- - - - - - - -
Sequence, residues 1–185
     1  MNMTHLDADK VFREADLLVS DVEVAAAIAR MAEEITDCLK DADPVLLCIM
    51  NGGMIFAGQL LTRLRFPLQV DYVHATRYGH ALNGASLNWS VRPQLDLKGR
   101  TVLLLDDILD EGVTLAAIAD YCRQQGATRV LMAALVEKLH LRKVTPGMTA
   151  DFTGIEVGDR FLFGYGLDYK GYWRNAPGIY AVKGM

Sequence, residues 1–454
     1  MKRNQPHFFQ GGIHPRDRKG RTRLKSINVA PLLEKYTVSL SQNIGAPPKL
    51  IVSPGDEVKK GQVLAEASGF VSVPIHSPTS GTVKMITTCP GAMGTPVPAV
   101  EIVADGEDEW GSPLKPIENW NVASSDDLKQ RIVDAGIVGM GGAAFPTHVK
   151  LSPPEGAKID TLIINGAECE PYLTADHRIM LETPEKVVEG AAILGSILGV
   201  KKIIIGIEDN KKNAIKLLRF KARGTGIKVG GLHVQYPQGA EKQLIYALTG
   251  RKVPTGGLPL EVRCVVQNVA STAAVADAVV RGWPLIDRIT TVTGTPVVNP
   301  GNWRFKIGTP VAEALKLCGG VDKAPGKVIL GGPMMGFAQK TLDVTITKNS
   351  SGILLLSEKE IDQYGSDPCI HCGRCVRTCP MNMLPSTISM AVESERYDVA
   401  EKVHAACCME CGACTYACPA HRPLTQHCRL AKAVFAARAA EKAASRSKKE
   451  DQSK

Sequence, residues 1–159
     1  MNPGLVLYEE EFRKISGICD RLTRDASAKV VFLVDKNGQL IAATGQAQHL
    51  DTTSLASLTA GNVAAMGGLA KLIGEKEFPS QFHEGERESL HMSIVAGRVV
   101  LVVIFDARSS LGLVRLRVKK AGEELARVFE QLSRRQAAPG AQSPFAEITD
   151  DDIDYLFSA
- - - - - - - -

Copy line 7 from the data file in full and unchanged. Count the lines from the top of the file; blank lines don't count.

     1  MKRNQPHFFQ GGIHPRDRKG RTRLKSINVA PLLEKYTVSL SQNIGAPPKL